Interactive Transition

By:  | December - 15 - 2009

Special Mention
2008 Skyscraper Competition

Tingxing Tao
United States


Special Mention

Special Mention


Interaction is the influence of two systems on one another, which can be understood as interchange and interrelation between the two. Transition means the connection from one status to another, or a gradual or sudden transformation between the two parts. Living-Tower is designed as a vertical strategy that situates itself within the most complex urban context- Shanghai, which is considered as the fastest-developing city in the fastest-developing country. Emphasis of this project is given to examining the idea of the interactive transition within and outside a building. Read the rest of this entry »

V-Hive Skyscraper

By:  | December - 15 - 2009

Special Mention
2008 Skyscraper Competition

Ben Simmons, Daniel O. Ware, Ginger Watkins, Joseph H. Tiu
United States


Special Mention

Special Mention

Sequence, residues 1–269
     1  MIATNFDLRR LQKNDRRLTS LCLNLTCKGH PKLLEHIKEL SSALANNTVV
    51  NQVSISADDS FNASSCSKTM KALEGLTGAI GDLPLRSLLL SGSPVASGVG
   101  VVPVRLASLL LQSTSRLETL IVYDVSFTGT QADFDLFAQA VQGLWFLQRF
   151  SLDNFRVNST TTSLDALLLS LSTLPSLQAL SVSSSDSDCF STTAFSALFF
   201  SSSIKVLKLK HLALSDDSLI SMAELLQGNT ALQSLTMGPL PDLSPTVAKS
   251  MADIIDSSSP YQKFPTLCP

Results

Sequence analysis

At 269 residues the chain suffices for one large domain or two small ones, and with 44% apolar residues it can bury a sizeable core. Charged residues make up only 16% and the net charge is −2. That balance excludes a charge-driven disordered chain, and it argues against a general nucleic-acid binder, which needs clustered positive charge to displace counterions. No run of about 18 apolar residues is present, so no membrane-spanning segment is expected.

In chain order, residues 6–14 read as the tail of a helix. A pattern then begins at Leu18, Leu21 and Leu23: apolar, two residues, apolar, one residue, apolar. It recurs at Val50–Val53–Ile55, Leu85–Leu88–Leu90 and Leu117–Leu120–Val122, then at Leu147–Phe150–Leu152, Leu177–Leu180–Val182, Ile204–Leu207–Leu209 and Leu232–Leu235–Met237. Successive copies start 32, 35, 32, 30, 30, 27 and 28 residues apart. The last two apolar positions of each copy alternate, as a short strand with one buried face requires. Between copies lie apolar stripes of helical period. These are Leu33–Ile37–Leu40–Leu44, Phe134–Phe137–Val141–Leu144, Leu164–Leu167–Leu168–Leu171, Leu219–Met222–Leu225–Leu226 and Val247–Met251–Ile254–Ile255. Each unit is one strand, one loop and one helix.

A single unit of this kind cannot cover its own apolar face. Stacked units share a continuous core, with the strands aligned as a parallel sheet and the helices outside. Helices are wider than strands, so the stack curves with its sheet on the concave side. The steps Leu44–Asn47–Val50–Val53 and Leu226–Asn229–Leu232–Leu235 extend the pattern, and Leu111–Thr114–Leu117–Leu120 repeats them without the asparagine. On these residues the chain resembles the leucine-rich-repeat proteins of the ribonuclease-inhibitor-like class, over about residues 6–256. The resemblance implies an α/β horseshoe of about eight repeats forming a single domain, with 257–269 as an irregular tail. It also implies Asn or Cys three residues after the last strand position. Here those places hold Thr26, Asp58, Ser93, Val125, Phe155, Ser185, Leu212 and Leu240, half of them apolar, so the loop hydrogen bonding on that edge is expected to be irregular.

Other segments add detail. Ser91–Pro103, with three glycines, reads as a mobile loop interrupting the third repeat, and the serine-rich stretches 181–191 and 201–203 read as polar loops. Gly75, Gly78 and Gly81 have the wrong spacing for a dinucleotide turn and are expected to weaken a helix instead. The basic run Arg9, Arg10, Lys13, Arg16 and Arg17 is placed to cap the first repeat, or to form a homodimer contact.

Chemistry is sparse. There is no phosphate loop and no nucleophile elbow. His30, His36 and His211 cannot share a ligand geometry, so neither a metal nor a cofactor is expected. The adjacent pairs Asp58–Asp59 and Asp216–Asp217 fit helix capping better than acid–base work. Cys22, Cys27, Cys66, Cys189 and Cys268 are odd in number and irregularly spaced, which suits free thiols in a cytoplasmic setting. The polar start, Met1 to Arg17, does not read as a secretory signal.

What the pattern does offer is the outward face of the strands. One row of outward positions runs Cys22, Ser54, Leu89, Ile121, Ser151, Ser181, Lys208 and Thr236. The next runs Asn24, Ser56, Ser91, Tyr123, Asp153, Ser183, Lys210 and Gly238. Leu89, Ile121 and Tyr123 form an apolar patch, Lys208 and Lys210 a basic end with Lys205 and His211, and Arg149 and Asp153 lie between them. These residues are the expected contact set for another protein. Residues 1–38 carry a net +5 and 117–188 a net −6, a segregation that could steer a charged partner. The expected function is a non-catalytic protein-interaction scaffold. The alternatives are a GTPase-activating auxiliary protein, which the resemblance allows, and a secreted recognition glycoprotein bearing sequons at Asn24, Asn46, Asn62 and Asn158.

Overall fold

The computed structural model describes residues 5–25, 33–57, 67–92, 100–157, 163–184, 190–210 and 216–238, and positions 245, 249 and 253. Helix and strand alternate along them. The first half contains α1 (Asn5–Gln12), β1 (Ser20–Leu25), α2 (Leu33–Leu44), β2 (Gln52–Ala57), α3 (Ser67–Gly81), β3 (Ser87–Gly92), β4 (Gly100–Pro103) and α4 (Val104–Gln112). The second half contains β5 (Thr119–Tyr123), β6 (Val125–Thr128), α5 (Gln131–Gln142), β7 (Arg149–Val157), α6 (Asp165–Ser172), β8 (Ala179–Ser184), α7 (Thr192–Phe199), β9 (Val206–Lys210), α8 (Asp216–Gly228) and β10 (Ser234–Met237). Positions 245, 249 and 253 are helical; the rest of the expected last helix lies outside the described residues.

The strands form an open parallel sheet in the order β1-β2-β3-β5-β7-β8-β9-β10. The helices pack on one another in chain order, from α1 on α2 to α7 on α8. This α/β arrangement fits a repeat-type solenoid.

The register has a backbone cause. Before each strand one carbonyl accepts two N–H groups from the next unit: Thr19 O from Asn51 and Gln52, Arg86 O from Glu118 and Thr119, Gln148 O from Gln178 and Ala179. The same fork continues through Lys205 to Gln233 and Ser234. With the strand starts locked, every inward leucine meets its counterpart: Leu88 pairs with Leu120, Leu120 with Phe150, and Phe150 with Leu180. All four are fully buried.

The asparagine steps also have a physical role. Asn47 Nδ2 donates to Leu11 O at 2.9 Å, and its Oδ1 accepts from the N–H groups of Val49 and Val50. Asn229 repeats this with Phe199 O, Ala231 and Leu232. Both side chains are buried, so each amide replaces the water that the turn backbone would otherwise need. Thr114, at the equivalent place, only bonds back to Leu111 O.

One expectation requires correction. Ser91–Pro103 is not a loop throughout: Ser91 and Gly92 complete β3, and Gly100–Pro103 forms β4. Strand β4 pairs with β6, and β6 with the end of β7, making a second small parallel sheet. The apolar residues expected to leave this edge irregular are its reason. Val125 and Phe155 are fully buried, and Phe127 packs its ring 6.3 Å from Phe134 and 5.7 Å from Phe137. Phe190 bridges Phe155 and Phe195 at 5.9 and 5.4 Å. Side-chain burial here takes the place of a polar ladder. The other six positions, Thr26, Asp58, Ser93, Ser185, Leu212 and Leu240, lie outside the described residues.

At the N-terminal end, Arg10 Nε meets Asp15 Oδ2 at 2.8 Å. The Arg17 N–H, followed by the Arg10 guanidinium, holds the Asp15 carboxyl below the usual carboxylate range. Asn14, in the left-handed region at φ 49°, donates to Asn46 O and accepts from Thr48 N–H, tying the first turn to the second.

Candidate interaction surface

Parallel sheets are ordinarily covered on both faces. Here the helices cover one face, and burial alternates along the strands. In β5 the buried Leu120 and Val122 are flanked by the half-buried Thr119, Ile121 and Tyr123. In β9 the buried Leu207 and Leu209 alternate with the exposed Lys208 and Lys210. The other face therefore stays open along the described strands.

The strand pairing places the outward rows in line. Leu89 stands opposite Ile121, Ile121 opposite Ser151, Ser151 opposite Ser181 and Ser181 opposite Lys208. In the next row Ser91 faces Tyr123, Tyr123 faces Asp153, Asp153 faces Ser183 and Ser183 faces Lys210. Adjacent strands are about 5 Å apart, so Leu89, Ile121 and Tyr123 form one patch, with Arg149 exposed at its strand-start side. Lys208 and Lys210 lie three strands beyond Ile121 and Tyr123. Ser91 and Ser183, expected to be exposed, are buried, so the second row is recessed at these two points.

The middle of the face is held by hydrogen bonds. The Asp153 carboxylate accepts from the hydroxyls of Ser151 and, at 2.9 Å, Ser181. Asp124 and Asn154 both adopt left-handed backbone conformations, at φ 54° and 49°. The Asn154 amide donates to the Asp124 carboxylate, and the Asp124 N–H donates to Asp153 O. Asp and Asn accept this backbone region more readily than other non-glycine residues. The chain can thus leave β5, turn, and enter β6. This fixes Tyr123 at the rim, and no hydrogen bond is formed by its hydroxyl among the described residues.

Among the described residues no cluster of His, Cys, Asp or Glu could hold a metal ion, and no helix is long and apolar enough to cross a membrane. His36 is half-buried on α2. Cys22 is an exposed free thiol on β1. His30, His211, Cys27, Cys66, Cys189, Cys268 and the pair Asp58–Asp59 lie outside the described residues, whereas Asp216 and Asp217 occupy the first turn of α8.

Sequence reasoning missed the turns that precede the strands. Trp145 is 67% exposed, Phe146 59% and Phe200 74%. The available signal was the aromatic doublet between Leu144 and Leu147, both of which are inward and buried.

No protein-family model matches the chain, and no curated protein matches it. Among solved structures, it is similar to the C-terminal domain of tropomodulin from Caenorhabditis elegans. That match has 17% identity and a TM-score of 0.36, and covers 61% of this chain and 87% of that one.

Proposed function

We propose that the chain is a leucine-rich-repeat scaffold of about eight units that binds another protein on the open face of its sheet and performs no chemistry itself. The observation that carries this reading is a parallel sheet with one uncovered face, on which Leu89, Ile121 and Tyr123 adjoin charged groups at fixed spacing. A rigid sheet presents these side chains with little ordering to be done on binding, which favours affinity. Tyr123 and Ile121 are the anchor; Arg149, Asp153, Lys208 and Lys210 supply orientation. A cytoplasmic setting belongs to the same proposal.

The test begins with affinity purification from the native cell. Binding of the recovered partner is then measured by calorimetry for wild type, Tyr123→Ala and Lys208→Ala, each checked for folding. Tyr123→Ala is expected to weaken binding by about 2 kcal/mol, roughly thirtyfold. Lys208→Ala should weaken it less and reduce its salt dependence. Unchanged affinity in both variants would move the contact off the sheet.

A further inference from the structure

V-Hive for Vertical Hive – a concept for skyscraper design utilizing the natural organic growth of unitary hexagonal cells, which cluster, grow, and evolve to form honeycomb colonies in a vertical fashion, and applied to the vertical nature of skyscrapers. By creating a lattice structure to which these cells can attach, the organic germinating nature of city growth is reproduced. The clustering of individual cells form sky-pod colonies, which themselves become “neighborhoods” or “buildings”, in a vertical urban environment. Thus the life and energy of the two-dimensional/horizontal urban fabric of the city is continued along on the three-dimensional/vertical axis through the void/core of a transparent and environmentally permeable structure. This allows for the formation of an open-air 360 degree vertical urban corridor. This concept takes skyscraper design from the vacuum of visual icon to the experiential level of the vertical street. The honeycomb is the most efficient geometric structure in terms of using the least amount of material needed to obtain stability. Modular and rigorously structured, yet evolves into an organic whole. Read the rest of this entry »